Abstract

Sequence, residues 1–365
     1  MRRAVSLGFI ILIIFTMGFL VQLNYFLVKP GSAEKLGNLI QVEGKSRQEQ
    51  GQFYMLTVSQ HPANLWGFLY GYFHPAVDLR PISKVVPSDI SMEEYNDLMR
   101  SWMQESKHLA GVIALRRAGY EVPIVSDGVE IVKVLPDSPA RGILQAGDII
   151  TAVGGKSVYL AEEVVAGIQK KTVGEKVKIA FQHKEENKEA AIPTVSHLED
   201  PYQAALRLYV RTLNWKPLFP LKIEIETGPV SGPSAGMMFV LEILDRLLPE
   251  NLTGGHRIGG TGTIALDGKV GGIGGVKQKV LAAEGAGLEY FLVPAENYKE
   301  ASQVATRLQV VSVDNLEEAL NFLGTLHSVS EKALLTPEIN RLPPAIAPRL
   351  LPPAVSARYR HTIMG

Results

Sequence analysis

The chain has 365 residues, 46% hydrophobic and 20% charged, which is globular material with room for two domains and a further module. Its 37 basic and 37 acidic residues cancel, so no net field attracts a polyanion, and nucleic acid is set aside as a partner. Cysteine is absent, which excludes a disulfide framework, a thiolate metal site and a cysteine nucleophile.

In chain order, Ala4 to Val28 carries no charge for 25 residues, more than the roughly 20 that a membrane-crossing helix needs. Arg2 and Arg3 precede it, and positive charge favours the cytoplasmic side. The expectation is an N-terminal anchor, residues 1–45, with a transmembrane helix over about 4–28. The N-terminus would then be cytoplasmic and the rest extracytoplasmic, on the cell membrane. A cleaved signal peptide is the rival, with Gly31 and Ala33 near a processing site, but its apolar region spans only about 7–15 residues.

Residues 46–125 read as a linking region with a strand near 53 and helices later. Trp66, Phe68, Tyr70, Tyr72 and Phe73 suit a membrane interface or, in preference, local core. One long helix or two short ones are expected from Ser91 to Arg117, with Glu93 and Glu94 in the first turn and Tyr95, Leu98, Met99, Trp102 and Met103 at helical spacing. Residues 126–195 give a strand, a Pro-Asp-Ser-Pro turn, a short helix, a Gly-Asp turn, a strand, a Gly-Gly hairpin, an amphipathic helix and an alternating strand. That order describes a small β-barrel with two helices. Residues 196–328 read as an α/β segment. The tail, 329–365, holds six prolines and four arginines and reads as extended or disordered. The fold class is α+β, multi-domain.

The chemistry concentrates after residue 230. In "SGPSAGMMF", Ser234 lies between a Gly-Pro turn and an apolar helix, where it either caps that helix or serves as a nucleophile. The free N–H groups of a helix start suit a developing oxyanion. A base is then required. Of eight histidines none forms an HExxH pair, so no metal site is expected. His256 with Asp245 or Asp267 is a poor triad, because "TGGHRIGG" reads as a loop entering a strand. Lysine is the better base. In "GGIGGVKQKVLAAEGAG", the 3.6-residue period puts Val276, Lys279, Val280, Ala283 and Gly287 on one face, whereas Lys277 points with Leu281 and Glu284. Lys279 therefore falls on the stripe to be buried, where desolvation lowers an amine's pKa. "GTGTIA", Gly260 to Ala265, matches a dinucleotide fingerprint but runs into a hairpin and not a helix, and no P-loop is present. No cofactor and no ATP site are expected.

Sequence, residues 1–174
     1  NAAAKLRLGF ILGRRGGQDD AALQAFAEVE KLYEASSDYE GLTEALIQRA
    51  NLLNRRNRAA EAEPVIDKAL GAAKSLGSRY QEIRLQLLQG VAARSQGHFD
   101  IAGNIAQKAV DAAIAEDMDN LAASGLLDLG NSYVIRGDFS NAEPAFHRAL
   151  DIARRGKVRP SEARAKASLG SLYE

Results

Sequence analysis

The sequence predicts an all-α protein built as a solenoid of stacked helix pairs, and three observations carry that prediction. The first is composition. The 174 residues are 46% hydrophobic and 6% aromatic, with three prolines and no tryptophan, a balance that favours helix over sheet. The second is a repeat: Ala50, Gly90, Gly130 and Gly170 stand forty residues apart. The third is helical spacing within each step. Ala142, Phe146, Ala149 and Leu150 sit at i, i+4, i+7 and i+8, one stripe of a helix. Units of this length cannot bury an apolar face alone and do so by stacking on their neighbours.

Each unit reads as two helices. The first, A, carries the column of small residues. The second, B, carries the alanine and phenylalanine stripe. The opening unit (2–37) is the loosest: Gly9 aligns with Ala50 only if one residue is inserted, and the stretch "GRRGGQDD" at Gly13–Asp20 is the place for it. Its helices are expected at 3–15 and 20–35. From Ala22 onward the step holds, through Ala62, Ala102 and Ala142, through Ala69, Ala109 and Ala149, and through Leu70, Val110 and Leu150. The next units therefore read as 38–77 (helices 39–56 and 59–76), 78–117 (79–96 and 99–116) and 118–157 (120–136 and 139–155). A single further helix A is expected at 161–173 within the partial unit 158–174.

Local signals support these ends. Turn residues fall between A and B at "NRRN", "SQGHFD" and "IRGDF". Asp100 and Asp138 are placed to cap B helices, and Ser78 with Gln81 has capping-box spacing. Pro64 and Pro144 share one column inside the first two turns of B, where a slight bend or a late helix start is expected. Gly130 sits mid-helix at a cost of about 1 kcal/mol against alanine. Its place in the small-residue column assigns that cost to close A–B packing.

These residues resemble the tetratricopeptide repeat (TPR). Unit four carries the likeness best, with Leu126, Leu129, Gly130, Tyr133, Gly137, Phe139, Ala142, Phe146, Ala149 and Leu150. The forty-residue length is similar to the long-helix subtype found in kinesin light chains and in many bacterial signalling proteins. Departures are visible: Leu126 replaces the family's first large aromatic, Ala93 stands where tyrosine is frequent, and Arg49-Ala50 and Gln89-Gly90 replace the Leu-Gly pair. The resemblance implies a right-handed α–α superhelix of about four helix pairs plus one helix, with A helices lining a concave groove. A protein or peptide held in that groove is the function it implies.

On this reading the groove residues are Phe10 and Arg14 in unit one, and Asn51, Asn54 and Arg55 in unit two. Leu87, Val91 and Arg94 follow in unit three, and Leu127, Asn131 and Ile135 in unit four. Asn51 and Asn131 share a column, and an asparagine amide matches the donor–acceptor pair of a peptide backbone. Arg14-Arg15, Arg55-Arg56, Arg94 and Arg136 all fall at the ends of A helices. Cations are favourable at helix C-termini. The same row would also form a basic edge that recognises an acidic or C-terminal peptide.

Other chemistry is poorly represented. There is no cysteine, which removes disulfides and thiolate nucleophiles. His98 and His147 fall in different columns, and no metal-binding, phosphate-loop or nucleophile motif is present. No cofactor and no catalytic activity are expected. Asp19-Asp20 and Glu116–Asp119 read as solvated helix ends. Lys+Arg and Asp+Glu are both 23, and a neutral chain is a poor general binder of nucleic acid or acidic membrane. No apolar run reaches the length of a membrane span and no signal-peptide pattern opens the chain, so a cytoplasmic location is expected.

A cross-flow pneumatic nebulizer and a thermospray nebulizer were each studied as a means of interfacing a flame infrared emission (FIRE) radiometer to a high-performance liquid chromatograph (HPLC). Both nebulizers introduced significant quantities of liquid mobile phase into the FIRE burner, necessitating modifications to the basic burner design and causing temperature changes in the hydrogen/air flame used as the FIRE source. Tailing in the trailing edge of the peak profiles was also observed with the use of pneumatic nebulization and attributed to dead volume present in the nebulizer spray chamber. Flame background caused by the combustion of carbon-containing mobile phases was also a problem, but could be avoided when the FIRE radiometer was operated in the carbon mode by using water as the mobile phase. Flame background from carbon-containing mobile phases could also be electronically subtracted by using a dual-channel, chlorine-specific FIRE radiometer to selectively determine mixtures of chlorinated hydrocarbons in the presence of a chlorine-free mobile phase. Background subtraction had the added advantage of improving the detection limits for organochlorine compounds by a factor of approximately 3. Detection limits for FIRE/HPLC using pneumatic nebulization and the single-channel FIRE radiometer in the carbon mode were estimated as 3.7 μg s<sup>−1</sup> (5.5 × 10<sup>2</sup> μg) for acetic acid and 0.80 μg s<sup>−1</sup> (1.2 × 10<sup>2</sup> μg) for ethanol with water as the mobile phase. FIRE/HPLC detection limits using thermospray nebulization and a dual-channel FIRE radiometer in the chlorine-specific mode were estimated as 6.2 μg s<sup>−1</sup> (3.7 × 10<sup>2</sup> μg) for methylene chloride and 9.7 μg s<sup>−1</sup> (5.8 × 10<sup>2</sup> μg) for carbon tetrachloride with a combustible mixture of 49% acetonitrile, 20% methanol, 30% water, and 1% acetic acid as the mobile phase.

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